Good Day Sunshine
|"Good Day Sunshine"|
Cover of the Northern Songs sheet music (licensed to Sonora Musikförlag)
|Song by the Beatles|
|from the album Revolver|
|Released||5 August 1966|
|Recorded||8–9 June 1966|
"Good Day Sunshine" is a song by the English rock band the Beatles from their 1966 album Revolver. It was written mainly by Paul McCartney and credited to the Lennon–McCartney partnership. McCartney intended it as a song in the style of the Lovin' Spoonful's contemporaneous hit single "Daydream". The recording includes multiple pianos played in the barrelhouse style and evokes a vaudevillian mood.
The composition contains key changes and metric anomalies, and closes with voices chanting the song title. Together with its lyrics celebrating romantic love and sunshine, the recording contrasts with the more austere and experimental aesthetic of Revolver. Among music critics, some writers have welcomed the song's lightheartedness while others view it as a track that dilutes the album's strengths.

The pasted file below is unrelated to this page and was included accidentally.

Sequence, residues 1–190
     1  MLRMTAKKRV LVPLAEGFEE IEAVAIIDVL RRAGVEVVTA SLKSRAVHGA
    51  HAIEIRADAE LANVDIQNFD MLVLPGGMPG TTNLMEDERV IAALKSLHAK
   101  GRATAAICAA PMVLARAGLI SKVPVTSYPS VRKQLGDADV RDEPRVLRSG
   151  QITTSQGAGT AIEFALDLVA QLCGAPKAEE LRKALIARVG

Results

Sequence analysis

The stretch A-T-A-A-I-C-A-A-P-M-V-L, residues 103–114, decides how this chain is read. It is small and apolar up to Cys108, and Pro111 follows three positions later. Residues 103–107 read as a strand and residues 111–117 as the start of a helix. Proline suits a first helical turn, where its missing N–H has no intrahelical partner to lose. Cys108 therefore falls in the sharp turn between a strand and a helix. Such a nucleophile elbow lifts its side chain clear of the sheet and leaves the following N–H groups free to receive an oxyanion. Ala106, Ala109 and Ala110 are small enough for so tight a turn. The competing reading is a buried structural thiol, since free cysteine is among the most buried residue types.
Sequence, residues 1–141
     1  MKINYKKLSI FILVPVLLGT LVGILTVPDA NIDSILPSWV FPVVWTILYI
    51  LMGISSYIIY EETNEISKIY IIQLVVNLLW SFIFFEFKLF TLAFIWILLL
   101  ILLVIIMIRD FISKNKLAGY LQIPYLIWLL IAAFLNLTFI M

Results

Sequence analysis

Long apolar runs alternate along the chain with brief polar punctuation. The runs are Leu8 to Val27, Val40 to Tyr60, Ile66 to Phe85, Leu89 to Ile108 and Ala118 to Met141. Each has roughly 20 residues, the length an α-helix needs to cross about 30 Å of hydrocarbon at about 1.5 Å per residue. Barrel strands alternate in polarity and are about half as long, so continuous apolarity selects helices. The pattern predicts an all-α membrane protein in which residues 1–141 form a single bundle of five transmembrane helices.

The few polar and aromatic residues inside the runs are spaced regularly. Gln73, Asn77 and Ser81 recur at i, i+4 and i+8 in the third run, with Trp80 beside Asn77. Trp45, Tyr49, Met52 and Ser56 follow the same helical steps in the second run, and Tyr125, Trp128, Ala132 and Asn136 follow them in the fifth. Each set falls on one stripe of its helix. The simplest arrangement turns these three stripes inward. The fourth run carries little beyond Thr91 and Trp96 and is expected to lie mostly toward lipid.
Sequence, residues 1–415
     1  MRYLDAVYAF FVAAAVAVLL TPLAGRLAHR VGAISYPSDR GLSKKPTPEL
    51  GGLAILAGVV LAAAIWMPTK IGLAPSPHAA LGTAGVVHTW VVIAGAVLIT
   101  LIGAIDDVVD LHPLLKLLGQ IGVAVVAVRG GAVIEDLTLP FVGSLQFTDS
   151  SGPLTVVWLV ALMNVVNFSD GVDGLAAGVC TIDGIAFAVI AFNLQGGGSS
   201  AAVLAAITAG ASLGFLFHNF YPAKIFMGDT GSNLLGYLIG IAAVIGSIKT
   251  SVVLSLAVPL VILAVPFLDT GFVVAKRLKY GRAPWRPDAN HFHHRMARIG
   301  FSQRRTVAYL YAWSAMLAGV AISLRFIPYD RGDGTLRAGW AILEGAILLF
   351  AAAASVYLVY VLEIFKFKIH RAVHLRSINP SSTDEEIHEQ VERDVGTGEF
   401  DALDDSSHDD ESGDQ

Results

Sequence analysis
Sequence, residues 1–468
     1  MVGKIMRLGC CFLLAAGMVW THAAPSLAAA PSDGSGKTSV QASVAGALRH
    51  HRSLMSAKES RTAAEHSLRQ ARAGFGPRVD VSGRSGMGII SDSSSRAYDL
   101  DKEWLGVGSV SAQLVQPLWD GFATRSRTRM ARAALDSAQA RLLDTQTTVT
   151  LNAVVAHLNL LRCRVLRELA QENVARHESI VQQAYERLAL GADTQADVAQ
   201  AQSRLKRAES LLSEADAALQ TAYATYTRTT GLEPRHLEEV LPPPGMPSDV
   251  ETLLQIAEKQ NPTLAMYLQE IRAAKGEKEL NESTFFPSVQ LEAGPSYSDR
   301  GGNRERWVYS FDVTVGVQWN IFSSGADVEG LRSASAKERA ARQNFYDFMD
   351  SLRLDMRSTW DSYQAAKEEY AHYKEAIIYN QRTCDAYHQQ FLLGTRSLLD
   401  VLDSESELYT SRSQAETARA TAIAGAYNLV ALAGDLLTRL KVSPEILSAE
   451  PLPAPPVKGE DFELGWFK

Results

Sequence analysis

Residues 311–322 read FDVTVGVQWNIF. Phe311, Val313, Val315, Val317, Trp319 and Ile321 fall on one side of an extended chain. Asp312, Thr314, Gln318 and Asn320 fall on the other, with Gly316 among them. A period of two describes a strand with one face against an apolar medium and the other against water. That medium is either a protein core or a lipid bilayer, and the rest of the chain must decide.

"Good Day Sunshine" has been covered by the Tremeloes, Claudine Longet and Robbie Williams. McCartney re-recorded the song for his 1984 film Give My Regards to Broad Street and has regularly performed it in concert. The song was used as the wake-up music on the Space Shuttle mission STS-135. In November 2005, McCartney played it live to the crew of the International Space Station as part of a concert link-up to the space station.
Background and inspiration
Paul McCartney wrote "Good Day Sunshine" at Kenwood, John Lennon's house in Surrey. Drawing inspiration from the sunny day, McCartney wrote the melody on Lennon's piano. He later said that Lennon helped write the song, but "it was basically mine." Lennon recalled that the song was McCartney's and that he perhaps "threw in a line or something".
McCartney said that he was influenced by the Lovin' Spoonful's hit single "Daydream" and was trying to write a song in that vein. Lennon and George Harrison had attended the Lovin' Spoonful's concert at the Marquee in London in April 1966; the Beatles and members of the Rolling Stones soon lauded them as the "hot new group". Author Steve Turner writes that the Kinks' "Sunny Afternoon" could have been another source of inspiration for McCartney.